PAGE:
Their information is preserved forever on the surface of the black hole. They're all totally dead, but their information, their precious precious quantum information, is totally safe.

If you could unravel a black hole, you could get at all the quantum information describing everything the black hole ever consumed. And least, that's how it was in the good old days.

But in 1975, Hawking dropped a bombshell. He realized have a temperature, over vast periods of time, they would evaporate away until there was nothing left. releasing their mass and energy back into the universe. Unsurprisingly known as Hawking Radiation.

But this… idea created a paradox. The information about what went into the black hole is preserved by time dilation, but with the mass itself of the black hole evaporating. Eventually, it will completely disappear, and then, where does our information go? That information which can't be destroyed…?

This is strictly not cricket, and puzzled astronomers. They've been working for decades to resolve it. There's a fun stack of options here:

Black holes don't evaporate at all, and Hawking was wrong.

What is the black hole information paradox?
Black hole with disc and jets visualization. Credit: ESA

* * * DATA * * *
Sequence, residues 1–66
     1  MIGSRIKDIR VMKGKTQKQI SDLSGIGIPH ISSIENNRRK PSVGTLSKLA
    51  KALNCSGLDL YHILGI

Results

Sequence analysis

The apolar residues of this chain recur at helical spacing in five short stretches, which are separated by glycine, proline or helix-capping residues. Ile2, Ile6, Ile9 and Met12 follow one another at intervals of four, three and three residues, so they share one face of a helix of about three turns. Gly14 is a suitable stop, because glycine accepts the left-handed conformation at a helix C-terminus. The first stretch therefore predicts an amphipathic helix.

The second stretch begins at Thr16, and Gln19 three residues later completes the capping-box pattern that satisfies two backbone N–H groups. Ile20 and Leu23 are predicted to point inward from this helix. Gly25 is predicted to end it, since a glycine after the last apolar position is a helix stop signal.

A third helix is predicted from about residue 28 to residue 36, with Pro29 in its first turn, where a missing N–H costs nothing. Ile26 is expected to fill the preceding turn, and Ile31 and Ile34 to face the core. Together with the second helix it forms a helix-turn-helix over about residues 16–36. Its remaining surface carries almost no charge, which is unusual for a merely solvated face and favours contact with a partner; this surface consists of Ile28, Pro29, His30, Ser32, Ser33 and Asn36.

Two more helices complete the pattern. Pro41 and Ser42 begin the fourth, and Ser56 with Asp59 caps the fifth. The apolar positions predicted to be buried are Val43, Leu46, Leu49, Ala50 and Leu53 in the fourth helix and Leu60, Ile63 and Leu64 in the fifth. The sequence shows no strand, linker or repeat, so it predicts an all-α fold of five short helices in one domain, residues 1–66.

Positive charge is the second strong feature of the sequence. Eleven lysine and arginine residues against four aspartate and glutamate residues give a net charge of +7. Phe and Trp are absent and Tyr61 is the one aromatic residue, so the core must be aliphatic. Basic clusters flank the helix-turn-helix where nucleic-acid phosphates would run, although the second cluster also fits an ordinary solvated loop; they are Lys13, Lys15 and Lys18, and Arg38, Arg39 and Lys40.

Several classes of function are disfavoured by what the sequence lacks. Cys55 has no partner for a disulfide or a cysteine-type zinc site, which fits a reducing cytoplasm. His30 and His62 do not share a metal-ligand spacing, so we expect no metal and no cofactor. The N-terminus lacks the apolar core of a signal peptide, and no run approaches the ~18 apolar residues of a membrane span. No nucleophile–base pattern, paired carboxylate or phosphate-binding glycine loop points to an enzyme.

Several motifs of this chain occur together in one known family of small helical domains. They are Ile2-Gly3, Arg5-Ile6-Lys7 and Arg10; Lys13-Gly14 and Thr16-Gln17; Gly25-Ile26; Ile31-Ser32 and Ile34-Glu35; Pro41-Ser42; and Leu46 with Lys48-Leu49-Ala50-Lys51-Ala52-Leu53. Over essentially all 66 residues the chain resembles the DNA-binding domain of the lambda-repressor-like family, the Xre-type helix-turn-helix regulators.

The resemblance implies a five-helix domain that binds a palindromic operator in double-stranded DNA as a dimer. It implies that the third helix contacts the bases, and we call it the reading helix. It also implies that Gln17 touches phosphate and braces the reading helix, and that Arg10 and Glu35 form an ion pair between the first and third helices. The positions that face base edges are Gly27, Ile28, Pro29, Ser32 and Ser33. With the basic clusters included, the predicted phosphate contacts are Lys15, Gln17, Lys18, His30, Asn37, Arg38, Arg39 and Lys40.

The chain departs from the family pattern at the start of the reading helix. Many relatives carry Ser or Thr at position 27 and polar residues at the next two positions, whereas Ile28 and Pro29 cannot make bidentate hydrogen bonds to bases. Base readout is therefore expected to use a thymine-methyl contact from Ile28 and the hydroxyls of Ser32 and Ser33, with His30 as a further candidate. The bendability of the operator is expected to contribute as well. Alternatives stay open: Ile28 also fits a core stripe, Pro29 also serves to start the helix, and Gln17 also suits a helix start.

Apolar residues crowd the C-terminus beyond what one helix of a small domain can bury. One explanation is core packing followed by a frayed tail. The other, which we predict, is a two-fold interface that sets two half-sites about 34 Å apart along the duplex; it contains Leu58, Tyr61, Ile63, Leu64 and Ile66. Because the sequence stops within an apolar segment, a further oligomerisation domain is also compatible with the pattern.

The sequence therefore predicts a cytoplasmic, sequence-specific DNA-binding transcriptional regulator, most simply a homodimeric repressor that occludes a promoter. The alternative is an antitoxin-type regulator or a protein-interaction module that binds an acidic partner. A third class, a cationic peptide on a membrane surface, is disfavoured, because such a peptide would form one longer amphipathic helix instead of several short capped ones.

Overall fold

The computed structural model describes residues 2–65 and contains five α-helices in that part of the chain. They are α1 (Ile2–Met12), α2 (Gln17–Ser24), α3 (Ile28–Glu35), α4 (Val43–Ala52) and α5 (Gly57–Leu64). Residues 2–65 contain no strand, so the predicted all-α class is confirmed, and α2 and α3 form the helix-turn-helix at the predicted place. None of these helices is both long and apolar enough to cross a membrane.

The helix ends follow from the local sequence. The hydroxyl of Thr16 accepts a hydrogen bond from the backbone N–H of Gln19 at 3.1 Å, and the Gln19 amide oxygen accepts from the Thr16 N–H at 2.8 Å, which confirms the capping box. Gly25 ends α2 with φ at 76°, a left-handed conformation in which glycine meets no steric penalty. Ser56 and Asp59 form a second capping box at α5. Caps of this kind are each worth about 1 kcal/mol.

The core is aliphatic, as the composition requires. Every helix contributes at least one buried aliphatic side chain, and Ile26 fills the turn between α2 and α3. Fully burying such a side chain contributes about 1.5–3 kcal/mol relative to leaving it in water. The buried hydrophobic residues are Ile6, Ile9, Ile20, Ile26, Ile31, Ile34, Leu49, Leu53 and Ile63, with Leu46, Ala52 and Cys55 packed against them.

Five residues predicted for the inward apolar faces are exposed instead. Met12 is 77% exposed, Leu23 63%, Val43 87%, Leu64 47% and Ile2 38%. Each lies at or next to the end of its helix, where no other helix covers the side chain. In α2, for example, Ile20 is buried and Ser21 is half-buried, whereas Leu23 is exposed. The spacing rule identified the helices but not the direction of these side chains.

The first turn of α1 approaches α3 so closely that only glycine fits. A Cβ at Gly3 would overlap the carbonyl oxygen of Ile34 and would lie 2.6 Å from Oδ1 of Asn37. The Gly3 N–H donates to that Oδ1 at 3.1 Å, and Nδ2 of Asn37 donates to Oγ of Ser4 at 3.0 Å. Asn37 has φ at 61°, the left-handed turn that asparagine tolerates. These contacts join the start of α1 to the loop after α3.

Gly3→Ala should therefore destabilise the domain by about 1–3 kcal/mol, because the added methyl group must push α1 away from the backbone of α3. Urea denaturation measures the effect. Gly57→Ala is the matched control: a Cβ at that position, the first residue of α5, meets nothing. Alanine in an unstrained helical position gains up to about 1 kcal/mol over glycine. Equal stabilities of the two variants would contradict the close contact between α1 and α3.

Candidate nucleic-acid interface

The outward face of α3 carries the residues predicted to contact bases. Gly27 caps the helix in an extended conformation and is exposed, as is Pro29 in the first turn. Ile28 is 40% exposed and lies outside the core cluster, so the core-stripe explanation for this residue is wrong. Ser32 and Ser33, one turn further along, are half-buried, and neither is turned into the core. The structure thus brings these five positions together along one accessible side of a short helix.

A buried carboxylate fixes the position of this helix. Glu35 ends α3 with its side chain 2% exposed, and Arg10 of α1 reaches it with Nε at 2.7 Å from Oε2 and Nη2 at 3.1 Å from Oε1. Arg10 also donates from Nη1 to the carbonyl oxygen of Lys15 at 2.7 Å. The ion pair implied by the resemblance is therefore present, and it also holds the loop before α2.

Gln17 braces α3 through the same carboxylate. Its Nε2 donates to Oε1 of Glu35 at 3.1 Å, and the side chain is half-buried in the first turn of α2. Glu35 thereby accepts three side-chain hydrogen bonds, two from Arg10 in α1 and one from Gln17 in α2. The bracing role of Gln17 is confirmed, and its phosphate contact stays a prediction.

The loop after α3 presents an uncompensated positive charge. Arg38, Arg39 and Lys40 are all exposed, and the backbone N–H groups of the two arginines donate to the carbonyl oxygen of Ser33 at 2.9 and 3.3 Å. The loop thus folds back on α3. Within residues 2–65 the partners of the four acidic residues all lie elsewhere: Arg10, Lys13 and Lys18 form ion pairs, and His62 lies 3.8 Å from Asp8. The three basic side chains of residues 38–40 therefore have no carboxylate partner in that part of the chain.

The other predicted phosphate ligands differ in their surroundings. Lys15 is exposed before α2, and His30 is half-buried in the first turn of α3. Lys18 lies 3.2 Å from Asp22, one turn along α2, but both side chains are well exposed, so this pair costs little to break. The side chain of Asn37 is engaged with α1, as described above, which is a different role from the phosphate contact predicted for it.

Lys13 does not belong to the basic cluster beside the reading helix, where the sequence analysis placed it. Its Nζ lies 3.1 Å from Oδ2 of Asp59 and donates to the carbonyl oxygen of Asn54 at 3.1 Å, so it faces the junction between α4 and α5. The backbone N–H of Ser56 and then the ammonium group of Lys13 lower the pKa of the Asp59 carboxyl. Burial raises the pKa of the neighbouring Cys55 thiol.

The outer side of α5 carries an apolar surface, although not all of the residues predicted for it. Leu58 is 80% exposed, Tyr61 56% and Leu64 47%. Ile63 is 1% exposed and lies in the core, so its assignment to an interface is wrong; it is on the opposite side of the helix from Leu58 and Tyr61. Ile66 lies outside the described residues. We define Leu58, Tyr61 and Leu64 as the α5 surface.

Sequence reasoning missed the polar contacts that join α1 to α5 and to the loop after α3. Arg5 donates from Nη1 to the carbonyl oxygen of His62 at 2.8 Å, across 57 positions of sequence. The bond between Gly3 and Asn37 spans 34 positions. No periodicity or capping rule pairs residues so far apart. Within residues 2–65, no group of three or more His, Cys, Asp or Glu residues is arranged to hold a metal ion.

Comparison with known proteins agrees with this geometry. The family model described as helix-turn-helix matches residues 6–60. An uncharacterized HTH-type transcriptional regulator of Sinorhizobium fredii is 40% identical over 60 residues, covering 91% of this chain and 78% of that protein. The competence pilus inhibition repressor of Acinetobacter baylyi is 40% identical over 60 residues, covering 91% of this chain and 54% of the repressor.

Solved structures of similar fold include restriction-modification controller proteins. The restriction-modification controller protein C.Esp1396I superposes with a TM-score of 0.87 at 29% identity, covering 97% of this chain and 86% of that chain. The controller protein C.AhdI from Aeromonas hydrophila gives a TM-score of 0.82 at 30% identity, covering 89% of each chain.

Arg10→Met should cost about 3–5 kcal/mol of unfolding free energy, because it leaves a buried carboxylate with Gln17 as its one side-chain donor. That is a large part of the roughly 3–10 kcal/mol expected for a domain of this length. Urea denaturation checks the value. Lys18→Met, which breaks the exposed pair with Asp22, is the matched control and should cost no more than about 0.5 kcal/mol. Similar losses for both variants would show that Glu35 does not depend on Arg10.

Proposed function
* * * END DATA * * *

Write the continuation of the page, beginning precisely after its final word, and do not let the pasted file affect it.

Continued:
Information within the black hole somehow leaks back out while Hawking radiation is escaping.

The black hole holds it all in until the very end, and as the final two particles evaporate, all the information is suddenly released back into the universe.

It all goes into the teeniest possible bits and nothing is lost OR The information is compressed into a microscopic space, which remains after the black hole itself has evaporated.

An artist’s representation showing outflow from a supermassive black hole inside the middle of a galaxy. Credit: NASA/CXC/M.Weiss

And maybe, physicists will never figure it out. Hawking recently proposed a new idea to resolve the black hole information paradox. He has suggested that there's a way that new Hawking radiation could be imprinted by the information of new matter falling into the black hole.

So, the information of everything falling in is preserved by the outgoing radiation, returning it to the universe and resolving the paradox. This is a hunch, since Hawking radiation itself has never been detected. We are decades away from knowing if this is in the right direction, or even if there's a way to resolve the paradox.

In situations like this that we're reminded how little about the universe we really understand. Some aspect of our understanding of this whole process is unclear, and it'll take much more detective work and experimentation to get closer to the truth.

Explore further: What are white holes?

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thaken
1 / 5 (1) Oct 30, 2015
The concept is all wrong, from the big bang theory, to our fundamental partials, and this posting will not allow a paragraph to lightly explain it..